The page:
Indonesia Is Not A Tiger, It's A Giant!

Indonesia Is Not A Tiger, It's A Giant!
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Late next month, President Barack Obama will return to Indonesia for the first time in more than two decades. It will be a homecoming of sorts for the president, who lived in Jakarta for several years as a kid. Foreign investors aren't waiting for the presidential visit. They have been pouring into Jakarta stocks and bonds all year.

More than $11.5 billion of net new foreign cash has flooded into Indonesian capital markets so far this year—about $9 billion into the local rupiah bond market and $2.5 billion in local stocks. That's on top of $8 billion in foreign direct investments and billions more in infrastructure and real estate.

"Indonesia is the next big growth story in Asia, after China and India," says Fauzi Ichsan, an economist for Standard Chartered Bank in Jakarta. With 240 million people, a relatively young demographic and strong economic growth, "Indonesia is this year's story," just as China, India and Brazil were the big stories in recent years, he says.

Standard Chartered is projecting 6.2% growth in gross domestic product this year, and 6.5% next year. Jakarta is targeting 7% to 8% medium-term growth as infrastructure bottlenecks are removed and the economy gets back to the high growth track it was on before the 1997-98 Asian financial crisis.

Investors like what they see. The benchmark Jakarta Composite Index is up 42% year-to-date in local-currency terms and 51.1% in dollar terms. "This is the third year running that Jakarta has been the best-performing market in Asia," says Mark Mathews, regional strategist for Macquarie Securities in Hong Kong.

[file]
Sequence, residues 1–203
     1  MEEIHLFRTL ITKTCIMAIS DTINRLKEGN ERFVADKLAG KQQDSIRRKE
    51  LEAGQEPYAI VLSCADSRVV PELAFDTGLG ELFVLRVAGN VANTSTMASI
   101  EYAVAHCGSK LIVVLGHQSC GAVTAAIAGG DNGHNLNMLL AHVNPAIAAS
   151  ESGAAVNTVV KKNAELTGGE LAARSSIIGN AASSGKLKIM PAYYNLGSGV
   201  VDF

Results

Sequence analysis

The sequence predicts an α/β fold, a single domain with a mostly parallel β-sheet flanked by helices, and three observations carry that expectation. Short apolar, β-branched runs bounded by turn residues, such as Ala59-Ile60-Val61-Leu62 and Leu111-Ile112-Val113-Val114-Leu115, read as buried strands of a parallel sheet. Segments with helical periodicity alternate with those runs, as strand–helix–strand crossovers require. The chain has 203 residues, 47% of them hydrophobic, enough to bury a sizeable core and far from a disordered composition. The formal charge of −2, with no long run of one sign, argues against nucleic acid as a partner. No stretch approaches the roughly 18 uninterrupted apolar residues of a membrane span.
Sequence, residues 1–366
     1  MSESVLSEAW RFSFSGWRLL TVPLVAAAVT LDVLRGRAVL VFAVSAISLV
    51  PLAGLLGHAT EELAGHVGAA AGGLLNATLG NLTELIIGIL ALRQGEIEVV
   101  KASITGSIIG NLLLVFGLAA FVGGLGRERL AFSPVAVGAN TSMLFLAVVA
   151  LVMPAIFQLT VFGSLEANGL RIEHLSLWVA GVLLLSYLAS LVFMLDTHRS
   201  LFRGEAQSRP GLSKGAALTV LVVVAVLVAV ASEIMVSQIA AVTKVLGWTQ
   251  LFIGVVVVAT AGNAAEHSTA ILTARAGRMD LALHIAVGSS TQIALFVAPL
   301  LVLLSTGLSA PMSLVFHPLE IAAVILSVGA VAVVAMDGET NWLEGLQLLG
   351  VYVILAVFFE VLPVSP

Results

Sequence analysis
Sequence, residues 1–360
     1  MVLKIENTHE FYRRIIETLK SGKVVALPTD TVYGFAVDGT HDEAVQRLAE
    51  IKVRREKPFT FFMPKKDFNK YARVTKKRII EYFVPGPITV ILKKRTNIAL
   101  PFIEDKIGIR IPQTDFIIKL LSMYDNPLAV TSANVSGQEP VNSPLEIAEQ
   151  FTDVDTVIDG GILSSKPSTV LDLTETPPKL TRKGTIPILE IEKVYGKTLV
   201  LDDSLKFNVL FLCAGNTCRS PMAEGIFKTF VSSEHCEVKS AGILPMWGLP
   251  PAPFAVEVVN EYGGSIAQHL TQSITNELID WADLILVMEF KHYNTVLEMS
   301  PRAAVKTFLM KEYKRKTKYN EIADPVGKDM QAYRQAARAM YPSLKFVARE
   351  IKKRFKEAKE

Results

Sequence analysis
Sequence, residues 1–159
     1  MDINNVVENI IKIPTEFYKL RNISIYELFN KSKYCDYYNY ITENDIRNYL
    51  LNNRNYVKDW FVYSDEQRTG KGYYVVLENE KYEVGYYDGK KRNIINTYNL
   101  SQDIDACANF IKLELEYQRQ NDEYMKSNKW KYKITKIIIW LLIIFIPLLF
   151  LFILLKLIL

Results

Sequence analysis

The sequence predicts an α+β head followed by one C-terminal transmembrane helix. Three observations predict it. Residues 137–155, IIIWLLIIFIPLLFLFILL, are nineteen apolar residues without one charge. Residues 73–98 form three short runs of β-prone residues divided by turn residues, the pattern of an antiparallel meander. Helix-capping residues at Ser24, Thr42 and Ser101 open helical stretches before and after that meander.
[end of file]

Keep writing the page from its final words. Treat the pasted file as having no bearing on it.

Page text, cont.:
Last week, two initial public offerings—noodle maker CBP Indofood and coal miner Harum Energy—raised more than $1 billion.

A stronger currency and huge interest-rate differentials with developed markets make Indonesia all the more attractive. The rupiah two weeks ago touched 8,900 to a dollar—the strongest it has been in years, despite central-bank intervention to keep the currency from appreciating further and eroding competitiveness.

As central banks have opened their taps with quantitative easing, $2 billion a day has been pouring from the U.S., Europe and Japan into Asian emerging markets since April last year, notes David Carbon, an economist with DBS Bank in Singapore. Foreign reserves in Asia have risen by $962 billion, or 13% of Asia's GDP since then.

Stocks are clearly getting richer. "Yes, multiples are high at over 13.5 times next year's earnings, but that's not so expensive when you consider a forecast of 25% earnings growth next year," says Nick Cashmore, head of research for CLSA in Jakarta.

A good way to play Indonesia is through NYSE-listed ETFs like Market Vectors Indonesia Index ETF (IDX) or iShares MSCI Indonesia Investable Market Index Fund (EIDO). Cashmore says as the stocks have surged this year, investors are rotating from consumer stocks to raw materials. He likes palm-oil- plantation company London Sumatra (LSIP.Indonesia), a beneficiary of higher palm-oil prices; cement maker Holcim Indonesia (SMCB.Indonesia), which is benefitting from the huge local infrastructure boom; and the largest financial institution, Bank Mandiri (BMRT.Indonesia). •

Assif Shameen covers Asian capital markets from Singapore.

Article: BARRON'sWhy Indonesia is the next China?

Pictures: The Jakarta Press , Iwan Maket

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